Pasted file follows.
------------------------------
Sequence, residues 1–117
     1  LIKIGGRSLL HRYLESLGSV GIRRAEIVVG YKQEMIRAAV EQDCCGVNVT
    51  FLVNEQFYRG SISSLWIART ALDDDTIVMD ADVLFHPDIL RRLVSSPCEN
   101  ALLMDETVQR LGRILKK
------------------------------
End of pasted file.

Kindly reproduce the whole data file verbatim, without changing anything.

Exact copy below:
Sequence, residues 1–117
     1  LIKIGGRSLL HRYLESLGSV GIRRAEIVVG YKQEMIRAAV EQDCCGVNVT
    51  FLVNEQFYRG SISSLWIART ALDDDTIVMD ADVLFHPDIL RRLVSSPCEN
   101  ALLMDETVQR LGRILKK